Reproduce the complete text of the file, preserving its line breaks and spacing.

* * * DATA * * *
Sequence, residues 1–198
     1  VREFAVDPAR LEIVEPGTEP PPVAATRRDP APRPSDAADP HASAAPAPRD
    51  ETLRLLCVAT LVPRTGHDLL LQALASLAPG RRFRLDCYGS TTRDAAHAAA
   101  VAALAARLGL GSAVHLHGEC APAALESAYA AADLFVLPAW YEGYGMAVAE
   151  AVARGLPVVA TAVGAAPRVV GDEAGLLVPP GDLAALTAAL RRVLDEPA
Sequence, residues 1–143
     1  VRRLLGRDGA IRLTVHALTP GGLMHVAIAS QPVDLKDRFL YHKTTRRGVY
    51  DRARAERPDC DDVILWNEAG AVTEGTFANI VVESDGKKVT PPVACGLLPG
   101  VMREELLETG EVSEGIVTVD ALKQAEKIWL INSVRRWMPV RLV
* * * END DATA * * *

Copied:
Sequence, residues 1–198
     1  VREFAVDPAR LEIVEPGTEP PPVAATRRDP APRPSDAADP HASAAPAPRD
    51  ETLRLLCVAT LVPRTGHDLL LQALASLAPG RRFRLDCYGS TTRDAAHAAA
   101  VAALAARLGL GSAVHLHGEC APAALESAYA AADLFVLPAW YEGYGMAVAE
   151  AVARGLPVVA TAVGAAPRVV GDEAGLLVPP GDLAALTAAL RRVLDEPA
Sequence, residues 1–143
     1  VRRLLGRDGA IRLTVHALTP GGLMHVAIAS QPVDLKDRFL YHKTTRRGVY
    51  DRARAERPDC DDVILWNEAG AVTEGTFANI VVESDGKKVT PPVACGLLPG
   101  VMREELLETG EVSEGIVTVD ALKQAEKIWL INSVRRWMPV RLV